For once I'll spare you the intimate details of my breakfast and fast forward to my arrival in Lincoln - a pleasant jaunt through the snow-covered Lincolnshire landscape and the start of what promised to be a bright sunny day.
For once (again) we were ignoring the tried and tested, in this case former DAFTS Pub of the Year, the Golden Eagle, in order to try out somewhere new that recently popped up on our radar, the Green Dragon. It was about 10:45 when I got there but it was already open - why can't more pubs open at 10am?
The upstairs bar/dining area was the only bit open at that time but they had four Milestone beers available and I opted for the lightest, Hopelicious, just 3.8%. The name suggests lots of hoppy goodness but it was pretty average.
By the time I'd finished it, I was joined by John Bell and Brian Esley - and then by John and Bev Wilson and finally Colin Fletcher resplendent in his Table Soccer shirt (remembered not to use the Subbuteo word) . After a pint of Milestone's Loxley Ale, we were informed the Real Ale bar downstairs was now open and would we like to move down there? I think we were making their nice dining area look scruffy so we were happy to oblige.
The Real Ale bar does what is says on the tin - there were about 10 beers on tap, most of them quite new to me and there even some new ones for Colin. Our little group was completed the arrival of the father and son combo, Ray and Tony Waters - good timing.
The Green Dragon has it's own microbrewery, Cathedral Ales, so some of us opted for their one beer on offer, Golden Imp. A huge disappointment - at around 4.5% we expected some sort of taste but this was little stronger than water. Thankfully our tastebuds were rescued by a pint of Oakham's Gravity - a brewery that never lets you down.
As I nipped off the gents, my mobile rang and John took the call - it was Chris Stockdale informing us the game had been called off. I called him back - surely this was a joke - but he'd seen the players get their fish and chips and head off back home on the bus so not a joke - it was off. There was general disbelief which turned to amazement once the Lincoln fans in the pub got confirmation.
To break up the rest of the day and get a bit if fresh air, we walked a few hundred yards towards the station to a pub called Sippers - another newie for me. This had a couple of Hop Back beers (Crop Circle and Odyssey) plus Tetleys and Tom Wood's Bomber County. It looks slightly run-down but was very welcoming and we had a few decent pints there.
John, Bev and I decided to move to pastures new and we caught the train to Newark. Newark Castle to be precise which is not a station we've ever been to before. John and I were here a few seasons ago and we had a long wait for a train - ever resourceful we followed our noses and found a good pub and a cracking chippy and so we thought we'd drop in again.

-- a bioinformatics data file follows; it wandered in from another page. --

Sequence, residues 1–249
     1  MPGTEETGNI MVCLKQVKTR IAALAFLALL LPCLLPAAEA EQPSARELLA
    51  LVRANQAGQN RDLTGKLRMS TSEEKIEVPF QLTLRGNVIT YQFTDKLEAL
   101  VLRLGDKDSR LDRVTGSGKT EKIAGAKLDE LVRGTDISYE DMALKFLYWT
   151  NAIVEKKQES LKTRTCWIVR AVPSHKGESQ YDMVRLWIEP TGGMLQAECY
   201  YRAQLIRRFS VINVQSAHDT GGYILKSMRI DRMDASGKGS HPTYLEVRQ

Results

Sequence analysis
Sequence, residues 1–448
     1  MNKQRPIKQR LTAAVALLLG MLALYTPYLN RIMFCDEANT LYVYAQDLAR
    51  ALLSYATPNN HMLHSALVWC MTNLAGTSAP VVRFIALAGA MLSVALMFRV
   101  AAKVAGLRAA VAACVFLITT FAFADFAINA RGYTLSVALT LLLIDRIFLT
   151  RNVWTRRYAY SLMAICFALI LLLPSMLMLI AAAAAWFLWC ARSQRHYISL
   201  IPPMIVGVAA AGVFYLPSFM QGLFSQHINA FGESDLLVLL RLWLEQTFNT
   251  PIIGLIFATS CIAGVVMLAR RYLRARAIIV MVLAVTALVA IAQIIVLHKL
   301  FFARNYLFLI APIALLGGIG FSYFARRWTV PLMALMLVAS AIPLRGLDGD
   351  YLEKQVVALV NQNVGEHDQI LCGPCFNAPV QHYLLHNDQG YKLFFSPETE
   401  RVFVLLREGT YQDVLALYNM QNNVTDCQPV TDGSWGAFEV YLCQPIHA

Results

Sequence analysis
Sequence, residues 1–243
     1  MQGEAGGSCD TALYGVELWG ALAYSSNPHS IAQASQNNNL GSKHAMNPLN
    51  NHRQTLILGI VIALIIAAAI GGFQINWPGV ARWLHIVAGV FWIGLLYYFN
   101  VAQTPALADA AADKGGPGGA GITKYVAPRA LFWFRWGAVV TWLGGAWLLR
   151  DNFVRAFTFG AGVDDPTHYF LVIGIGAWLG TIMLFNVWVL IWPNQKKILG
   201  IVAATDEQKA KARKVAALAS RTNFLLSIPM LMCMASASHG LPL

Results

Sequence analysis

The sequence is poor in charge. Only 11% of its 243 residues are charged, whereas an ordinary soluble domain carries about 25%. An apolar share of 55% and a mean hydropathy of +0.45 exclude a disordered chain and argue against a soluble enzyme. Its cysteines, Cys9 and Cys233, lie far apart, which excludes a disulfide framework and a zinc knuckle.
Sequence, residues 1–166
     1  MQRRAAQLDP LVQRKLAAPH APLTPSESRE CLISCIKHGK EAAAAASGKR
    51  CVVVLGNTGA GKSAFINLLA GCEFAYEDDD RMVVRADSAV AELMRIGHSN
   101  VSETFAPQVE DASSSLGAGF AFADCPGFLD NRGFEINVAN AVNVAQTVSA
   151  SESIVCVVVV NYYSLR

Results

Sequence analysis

The walk to the Fox and Crown was quite pleasant - through a side of Newark we'd not really seen before - and I opted for a pint of Castle Rock Screech Owl IPA - a lovely full flavoured beer! In the gents I bumped into Brad, one of the many London Millers who'd not been to the Don Valley Stadium that day - it's a small world.
Hunger pangs then got the better of us and we decided against another pint in favour of haddock and chips (and peas) from Appletongate Fish Bar. I wish I lived near this place - crisp golden chips, well-cooked fish, quick service - thankfully the southbound train we caught back to King's Cross was almost deserted and no one objected to the fishy smell.
As Liz was due into King's Cross about half an hour after me, I decided to wait in the Betjeman Arms which occupies a quite corner of the refurbished St Pancras station. I'm not sure what Sir John would have made of this place but it doesn't exude the class and erudition one associates with him.
The outside bar is not really designed for the cold winter months so I headed inside and settle onto a stool at the bar.
They have about three real ales on offer - their own Betjeman beer from Sharps, London Pride direct from a bar-top barrel and XXXB from Batemans. I had a pint of the latter - served in a dimple glass that I suppose the management think is quaint and old-fashioned but is just clunky - the XXXB is OK but not in brilliant condition, a bit on the jaded side.
This place is not the ideal environment for an old git like me but it's quiet and has a decent choice for a railway bar - a shame the ambience was spoilt by the burnt cooking smell coming from the open kitchen. Almost put me off my Indian takeway...